Cardiovascular System | Cardiology

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Cardiovascular Medical Terminology

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  • The cardiovascular system, also called the circular system, is one of the busiest systems in the body and works constantly to transport nutrients, oxygen, and waste in and out of the body. Your heart never takes a break. To understand the complexities of the circulatory system, you need to understand the structures that compose the heart, other structures that are part of the system, and how they are all related. You must become familiar with the types of tests and procedures that are available to diagnose and treat cardiovascular problems, which type of cardiovascular specialists can treat the variety of problems that occur within this body system, and the specialized terms and abbreviations associated with the cardiovascular system. You'll see the combining form cardio-throughout this lesson. Several other commonly used prefixes are found in the lesson, such as myo-, endo-, peri-,and hyper-. Many vessels have names that are the same as bones, so you will already know some of these terms.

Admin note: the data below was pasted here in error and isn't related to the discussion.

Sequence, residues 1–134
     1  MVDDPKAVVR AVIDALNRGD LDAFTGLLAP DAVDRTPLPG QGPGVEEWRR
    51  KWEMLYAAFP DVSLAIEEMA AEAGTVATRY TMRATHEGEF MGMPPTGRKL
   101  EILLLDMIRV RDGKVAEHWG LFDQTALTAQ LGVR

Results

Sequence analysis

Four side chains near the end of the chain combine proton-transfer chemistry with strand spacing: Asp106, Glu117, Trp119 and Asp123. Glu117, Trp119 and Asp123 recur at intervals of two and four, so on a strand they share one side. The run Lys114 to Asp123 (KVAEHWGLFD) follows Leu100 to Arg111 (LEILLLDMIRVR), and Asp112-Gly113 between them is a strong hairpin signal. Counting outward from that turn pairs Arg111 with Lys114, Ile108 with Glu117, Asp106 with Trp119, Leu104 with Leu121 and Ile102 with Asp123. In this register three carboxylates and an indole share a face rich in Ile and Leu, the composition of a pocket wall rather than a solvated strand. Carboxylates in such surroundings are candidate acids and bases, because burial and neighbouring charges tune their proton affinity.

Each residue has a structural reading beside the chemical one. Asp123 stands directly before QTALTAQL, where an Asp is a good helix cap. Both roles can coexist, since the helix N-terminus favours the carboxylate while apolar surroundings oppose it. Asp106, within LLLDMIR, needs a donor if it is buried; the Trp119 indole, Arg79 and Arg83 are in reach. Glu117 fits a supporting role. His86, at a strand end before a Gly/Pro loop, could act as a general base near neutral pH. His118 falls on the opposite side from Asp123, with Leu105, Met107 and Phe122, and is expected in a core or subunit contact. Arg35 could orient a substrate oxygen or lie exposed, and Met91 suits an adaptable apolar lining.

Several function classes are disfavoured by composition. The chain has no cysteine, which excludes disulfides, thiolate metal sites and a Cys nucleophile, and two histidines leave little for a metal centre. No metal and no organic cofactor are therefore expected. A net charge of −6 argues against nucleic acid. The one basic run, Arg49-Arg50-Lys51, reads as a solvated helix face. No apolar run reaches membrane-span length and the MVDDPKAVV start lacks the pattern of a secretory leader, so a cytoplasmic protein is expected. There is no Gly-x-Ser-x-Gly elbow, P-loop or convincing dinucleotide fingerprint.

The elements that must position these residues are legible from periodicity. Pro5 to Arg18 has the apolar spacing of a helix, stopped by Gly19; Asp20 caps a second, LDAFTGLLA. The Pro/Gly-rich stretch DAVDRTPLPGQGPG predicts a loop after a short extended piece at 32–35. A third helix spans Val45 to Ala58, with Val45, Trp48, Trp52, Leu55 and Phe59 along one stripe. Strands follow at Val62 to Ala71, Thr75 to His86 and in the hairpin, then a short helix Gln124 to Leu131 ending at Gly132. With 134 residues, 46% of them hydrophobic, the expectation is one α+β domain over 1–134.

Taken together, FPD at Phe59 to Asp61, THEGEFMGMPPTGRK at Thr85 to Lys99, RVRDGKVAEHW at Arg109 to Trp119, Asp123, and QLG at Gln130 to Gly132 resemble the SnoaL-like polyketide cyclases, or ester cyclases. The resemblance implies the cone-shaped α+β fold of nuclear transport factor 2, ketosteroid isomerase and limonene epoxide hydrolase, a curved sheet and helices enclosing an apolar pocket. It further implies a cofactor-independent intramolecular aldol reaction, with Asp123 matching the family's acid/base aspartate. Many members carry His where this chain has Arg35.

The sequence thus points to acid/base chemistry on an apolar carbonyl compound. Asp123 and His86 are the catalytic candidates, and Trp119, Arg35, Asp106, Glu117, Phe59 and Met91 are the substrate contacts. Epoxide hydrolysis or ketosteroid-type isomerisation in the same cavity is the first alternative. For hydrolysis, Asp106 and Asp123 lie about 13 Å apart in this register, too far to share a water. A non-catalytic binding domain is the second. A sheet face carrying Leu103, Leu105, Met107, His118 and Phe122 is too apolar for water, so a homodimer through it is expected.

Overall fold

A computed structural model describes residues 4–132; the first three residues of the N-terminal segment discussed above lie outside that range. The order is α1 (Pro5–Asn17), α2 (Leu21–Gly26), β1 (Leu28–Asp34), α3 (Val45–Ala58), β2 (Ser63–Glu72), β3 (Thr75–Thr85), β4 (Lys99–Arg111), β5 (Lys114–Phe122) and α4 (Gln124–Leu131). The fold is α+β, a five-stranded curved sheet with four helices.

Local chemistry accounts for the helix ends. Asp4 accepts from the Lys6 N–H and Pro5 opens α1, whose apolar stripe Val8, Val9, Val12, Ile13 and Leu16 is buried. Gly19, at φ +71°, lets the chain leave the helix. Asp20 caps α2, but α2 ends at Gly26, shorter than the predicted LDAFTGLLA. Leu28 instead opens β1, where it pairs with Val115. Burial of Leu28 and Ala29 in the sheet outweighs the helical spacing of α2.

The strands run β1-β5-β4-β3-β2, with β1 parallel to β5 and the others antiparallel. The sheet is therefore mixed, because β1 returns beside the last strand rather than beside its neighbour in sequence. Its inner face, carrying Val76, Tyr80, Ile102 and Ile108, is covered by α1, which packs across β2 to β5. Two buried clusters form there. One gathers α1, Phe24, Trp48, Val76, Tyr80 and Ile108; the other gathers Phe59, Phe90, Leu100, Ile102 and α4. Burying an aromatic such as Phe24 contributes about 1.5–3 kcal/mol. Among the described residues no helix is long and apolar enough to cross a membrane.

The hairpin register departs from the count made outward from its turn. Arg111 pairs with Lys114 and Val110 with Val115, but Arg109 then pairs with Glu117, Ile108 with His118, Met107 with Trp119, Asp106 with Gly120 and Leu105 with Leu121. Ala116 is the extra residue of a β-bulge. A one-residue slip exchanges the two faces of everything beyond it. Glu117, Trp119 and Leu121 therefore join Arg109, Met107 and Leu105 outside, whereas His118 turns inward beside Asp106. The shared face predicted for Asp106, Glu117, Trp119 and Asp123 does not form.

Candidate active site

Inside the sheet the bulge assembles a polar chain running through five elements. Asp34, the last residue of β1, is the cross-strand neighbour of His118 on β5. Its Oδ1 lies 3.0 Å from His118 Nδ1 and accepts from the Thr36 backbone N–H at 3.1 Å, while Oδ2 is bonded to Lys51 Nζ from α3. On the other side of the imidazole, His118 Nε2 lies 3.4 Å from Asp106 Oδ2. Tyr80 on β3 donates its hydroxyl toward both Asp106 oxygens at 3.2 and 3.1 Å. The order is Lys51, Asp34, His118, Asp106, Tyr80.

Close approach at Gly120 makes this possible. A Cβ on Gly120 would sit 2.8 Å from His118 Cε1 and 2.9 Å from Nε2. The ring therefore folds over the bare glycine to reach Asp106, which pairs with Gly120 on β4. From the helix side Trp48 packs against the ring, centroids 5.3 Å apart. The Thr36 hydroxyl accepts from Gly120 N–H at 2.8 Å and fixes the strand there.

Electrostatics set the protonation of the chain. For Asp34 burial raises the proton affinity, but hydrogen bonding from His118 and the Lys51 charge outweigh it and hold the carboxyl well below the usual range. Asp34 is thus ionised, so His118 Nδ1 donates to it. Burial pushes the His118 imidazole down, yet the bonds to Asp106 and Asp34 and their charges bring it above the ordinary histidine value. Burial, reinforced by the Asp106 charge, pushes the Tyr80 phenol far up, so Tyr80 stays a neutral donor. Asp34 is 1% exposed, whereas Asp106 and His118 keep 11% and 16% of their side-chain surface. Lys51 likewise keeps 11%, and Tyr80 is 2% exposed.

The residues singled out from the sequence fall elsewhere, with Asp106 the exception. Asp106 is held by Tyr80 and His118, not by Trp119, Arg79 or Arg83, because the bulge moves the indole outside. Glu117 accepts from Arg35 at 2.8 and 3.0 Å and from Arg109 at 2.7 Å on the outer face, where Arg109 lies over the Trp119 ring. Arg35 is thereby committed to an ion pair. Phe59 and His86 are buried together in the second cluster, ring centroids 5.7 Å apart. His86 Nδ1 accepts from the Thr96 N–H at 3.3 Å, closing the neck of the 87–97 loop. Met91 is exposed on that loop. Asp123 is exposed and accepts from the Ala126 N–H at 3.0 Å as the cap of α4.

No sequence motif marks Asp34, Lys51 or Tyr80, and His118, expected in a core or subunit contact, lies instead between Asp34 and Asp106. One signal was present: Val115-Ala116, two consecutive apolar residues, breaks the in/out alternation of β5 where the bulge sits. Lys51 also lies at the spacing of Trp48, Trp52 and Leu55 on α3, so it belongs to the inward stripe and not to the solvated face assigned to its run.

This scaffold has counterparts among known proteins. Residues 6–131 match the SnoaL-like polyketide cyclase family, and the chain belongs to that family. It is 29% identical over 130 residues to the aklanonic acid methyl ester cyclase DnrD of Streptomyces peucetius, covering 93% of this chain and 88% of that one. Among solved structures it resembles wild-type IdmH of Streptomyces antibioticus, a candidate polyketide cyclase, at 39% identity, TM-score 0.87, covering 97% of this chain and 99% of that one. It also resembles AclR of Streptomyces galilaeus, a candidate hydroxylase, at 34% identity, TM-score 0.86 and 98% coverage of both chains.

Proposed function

• The heart is a complicated organ. Despite being roughly the size of a clenched fist, your heart averages 70 beats per minute and more than 30 million beats per year to push blood throughout your body. This blood carries nutrients to every cell and then carries the waste products away for elimination. Without nutrients, cells cannot survive. Learning the anatomy of the cardiovascular system will help with your pursuit of a career in health or medicine.